A Foosball Table Fuses Art, Sport, and 3D Printing in Hong Kong

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An extraordinary piece of interactive 3D printed art has emerged in Hong Kong. Titled Harbour Cup, this installation is not just a piece of art; it is a fusion of sports, science, and social interaction. Created by the innovative artist collective LAAB for the Science in Art exhibition along the Central Harbourfront promenade, Harbour Cup redefines the traditional concept of table soccer.

A New Take on an Old Game

Harbour Cup is similar to the foosball game we all know and love, but with a twist that challenges our perceptions. Unlike the usual game, this installation has no goals and no predefined teams. Instead, players must negotiate and decide how they want to play, whether competitively or collaboratively. This setup transforms the familiar game and its ingrained competitive nature into a space for communication and negotiation. By making the familiar unfamiliar, LAAB wants participants to rethink the essence of both play and interaction.

One of the standout features of Harbour Cup is its use of technology. The artwork has solar-powered LED lights that light up the ball’s path when it’s kicked, creating a fascinating visual effect, especially at night. These lights are activated by sensors inside waterproof 3D printed units, making sure everything works well even if it gets wet. In addition, the shiny metallic body of the Harbour Cup reflects the colorful lights from the surrounding buildings, blending the artwork with the unique landscape of Hong Kong.

LAAB’s Harbour Cup lights up. Image courtesy of LAAB Architects.

Inclusive and Engaging

Designed with inclusivity in mind, Harbour Cup consists of three pieces with different heights and dimensions. This ensures that people of all ages and body sizes can play with this interactive artwork, and no one will be left out. As the LAAB team explains, this clever design “encourages everyone to put down their phones and engage in physical and social play.”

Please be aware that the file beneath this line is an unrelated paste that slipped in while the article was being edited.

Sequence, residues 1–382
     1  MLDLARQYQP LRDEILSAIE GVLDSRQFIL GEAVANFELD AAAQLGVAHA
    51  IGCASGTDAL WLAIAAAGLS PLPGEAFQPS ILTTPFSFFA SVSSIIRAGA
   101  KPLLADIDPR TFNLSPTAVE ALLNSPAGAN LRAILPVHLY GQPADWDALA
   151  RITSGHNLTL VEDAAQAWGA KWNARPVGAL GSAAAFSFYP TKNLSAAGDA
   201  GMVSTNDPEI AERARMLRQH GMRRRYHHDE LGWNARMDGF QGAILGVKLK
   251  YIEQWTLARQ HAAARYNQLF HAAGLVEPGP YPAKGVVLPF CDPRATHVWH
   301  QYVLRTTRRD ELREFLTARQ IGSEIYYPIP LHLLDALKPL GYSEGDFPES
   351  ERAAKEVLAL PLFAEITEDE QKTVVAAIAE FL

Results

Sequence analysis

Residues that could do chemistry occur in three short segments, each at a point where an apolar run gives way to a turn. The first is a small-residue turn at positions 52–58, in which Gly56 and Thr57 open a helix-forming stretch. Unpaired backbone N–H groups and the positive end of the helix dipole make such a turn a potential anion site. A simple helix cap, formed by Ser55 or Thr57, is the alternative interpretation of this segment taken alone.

The heart and soul of this piece is to bring back a sense of community and shared experience, something that many think has been lost over the past decade. Research shows that while people still want to share experiences, the fun and connection from these relations have decreased. This is partly because social media connects us but often lacks the deep emotional joy of face-to-face interactions.

LAAB’s Harbour Cup foosball table in Hong Kong. Image courtesy of LAAB Architects.

A 2023 US Surgeon General’s report explains that social media can “harm youth mental health by contributing to anxiety, depression, and feelings of inadequacy” and recommends “balancing online activities with real-life interactions” to encourage better mental well-being and social connections. Similarly, in Hong Kong, studies show that while many young people are still motivated to seek out shared experiences, the satisfaction and connection they get from these interactions have decreased over time, mainly due to the overuse of digital activities.

Overall, there has been a clear decline in the enjoyment and engagement of community activities of both youths and adults. The team at LAAB Architects seems to be setting out to change this by attracting people to the convergence of art and sports. Harbour Cup wants to revive key parts of daily life by encouraging people to play together and engage with each other in person, which, in turn, helps build a stronger sense of community and helps people feel more connected and happy, one step at a time.

LAAB is renowned for its innovative approach to art and architecture. Co-led by Otto Ng and Yip Chun Hang, LAAB is a multidisciplinary collective of artists, architects, designers, engineers, and sociologists. Their work blends cutting-edge digital technology and traditional craftsmanship to create inventive spatial experiences that connect people with nature, community, and culture. LAAB’s projects often challenge conventional boundaries, pushing the limits of what art and architecture can be or are supposed to be.

In its essence, Harbour Cup is not just a game; it is a social experiment. By removing the conventional elements of foosball, LAAB has created a situation that invites players to reflect on themselves, their interactions with others, and the nature of the game itself.

LAAB’s Harbour Cup foosball table in Hong Kong. Image courtesy of LAAB Architects.

Art in an Urban Landscape

Located at Tamar Park in Admiralty, Harbour Cup is part of a broader initiative to blend art into an urban setting. This thought-provoking installation challenges any perceptions of play and art. By incorporating this piece into public spaces, the team shows the importance of integrating art into our daily lives.

Looking ahead, LAAB continues to push the boundaries of art and architecture, exploring new ways to connect people with their environments through thoughtful and innovative design. Their work inspires artists, architects, and urban planners around the world, showing that this outside-the-box thinking can impact cities and communities.

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